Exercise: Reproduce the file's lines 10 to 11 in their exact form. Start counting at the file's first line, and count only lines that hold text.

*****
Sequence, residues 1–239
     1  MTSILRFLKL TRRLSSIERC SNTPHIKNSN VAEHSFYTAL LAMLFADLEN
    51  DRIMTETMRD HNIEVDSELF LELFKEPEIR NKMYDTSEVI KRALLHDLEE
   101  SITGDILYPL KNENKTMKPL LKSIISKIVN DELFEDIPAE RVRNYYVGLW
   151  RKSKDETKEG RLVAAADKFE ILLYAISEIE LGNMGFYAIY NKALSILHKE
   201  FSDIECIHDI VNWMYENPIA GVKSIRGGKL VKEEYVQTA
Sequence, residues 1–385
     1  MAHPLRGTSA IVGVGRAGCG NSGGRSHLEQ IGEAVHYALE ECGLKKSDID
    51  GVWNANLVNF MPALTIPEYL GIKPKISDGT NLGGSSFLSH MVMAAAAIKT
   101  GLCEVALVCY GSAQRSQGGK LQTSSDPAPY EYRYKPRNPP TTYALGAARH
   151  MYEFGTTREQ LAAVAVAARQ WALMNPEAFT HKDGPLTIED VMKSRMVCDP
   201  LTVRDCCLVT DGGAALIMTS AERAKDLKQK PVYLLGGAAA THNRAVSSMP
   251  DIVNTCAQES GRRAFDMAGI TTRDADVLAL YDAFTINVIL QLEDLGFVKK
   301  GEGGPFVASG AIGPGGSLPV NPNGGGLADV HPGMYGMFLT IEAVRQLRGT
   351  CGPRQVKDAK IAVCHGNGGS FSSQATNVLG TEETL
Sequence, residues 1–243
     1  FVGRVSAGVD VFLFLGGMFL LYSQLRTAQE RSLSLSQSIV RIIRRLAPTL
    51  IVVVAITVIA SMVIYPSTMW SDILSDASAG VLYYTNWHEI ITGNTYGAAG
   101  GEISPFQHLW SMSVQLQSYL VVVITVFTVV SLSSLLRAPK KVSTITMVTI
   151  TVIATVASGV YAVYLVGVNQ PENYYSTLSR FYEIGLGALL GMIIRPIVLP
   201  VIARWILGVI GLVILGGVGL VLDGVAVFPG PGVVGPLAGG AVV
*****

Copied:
   101  GLCEVALVCY GSAQRSQGGK LQTSSDPAPY EYRYKPRNPP TTYALGAARH
   151  MYEFGTTREQ LAAVAVAARQ WALMNPEAFT HKDGPLTIED VMKSRMVCDP